One of the movie's most visually arresting moments occurs when Vice Admiral Holdo jumps a rebel transport to light speed through the First Order's command ship. I heard the theater audience gasp in the initial beat of silence when Holdo's maneuver draws a slice of light across her target. On one hand, a noble sacrifice that helps her compatriots to safety; on the other hand, what distinguishes her from present-day aggressors using vehicles as weapons? (Another kind of doubled-edged dizziness fills me when thinking about Chewbacca, Porgs, sustainable food supplies, vegetarianism, and my own eating habits.)

For this viewer, moments like these in a fictional galaxy far, far away probe tensions in our own time -- escapism sparking reflection. Not all moments of connection need to carry such weight, though. I'll close with an allusion from the movie in a different register: Finn scrambling out of his wrecked speeder, just after his rebel co-conspirator careened into him to stop his kamikaze run at the First Order's latest weapon of mass destruction. "Why'd you do that, Rose?" Finn asks, holding his injured friend in his arms. Suddenly, he's Jack, and the two of them may as well be in Titanic.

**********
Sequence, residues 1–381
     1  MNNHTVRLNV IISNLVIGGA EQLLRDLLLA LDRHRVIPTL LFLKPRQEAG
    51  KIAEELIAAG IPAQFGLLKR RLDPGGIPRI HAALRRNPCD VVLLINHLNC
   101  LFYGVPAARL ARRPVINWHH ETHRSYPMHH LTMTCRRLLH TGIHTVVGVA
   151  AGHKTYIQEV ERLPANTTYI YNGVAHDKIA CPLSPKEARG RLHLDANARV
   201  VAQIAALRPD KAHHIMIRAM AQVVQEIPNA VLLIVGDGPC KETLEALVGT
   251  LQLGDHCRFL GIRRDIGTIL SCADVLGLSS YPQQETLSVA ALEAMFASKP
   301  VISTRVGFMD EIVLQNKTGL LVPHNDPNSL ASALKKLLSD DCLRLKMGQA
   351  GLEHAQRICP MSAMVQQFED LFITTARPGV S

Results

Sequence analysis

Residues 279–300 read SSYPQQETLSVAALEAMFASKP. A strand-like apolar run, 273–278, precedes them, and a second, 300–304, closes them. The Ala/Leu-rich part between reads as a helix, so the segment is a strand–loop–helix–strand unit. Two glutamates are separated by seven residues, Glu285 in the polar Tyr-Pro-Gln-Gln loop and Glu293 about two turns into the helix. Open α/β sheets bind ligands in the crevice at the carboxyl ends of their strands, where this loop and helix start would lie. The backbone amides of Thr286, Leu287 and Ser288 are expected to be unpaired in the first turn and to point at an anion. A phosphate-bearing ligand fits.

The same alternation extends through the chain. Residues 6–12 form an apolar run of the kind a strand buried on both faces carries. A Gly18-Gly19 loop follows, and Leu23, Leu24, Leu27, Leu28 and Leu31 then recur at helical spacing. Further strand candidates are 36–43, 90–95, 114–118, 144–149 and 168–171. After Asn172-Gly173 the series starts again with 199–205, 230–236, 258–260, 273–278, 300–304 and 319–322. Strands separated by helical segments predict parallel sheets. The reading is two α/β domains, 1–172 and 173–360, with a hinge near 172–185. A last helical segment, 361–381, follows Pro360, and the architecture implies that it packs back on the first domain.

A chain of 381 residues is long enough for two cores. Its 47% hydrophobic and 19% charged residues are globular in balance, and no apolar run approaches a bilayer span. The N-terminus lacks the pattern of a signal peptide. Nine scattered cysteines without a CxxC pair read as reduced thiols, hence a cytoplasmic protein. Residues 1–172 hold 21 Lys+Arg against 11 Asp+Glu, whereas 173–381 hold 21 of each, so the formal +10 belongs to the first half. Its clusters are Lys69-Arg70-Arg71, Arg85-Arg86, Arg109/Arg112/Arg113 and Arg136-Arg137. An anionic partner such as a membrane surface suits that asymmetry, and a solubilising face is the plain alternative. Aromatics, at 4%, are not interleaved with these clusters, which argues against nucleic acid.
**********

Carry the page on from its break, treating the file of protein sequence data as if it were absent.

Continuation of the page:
Thanks for sharing your creativity and for getting me thinking.

A fan

Tuesday, December 19, 2017

Warning: Graphic Contents

My reading life veered 10 days ago after seeing this Nerdy Book Club post by Amy Estersohn. She shared a list of "graphic novels for readers who don't like graphic novels," and I dove right in even though I like graphic novels. It's just been overlong since I've picked up one, which made now -- in my informal estimation -- a perfect time for a binge.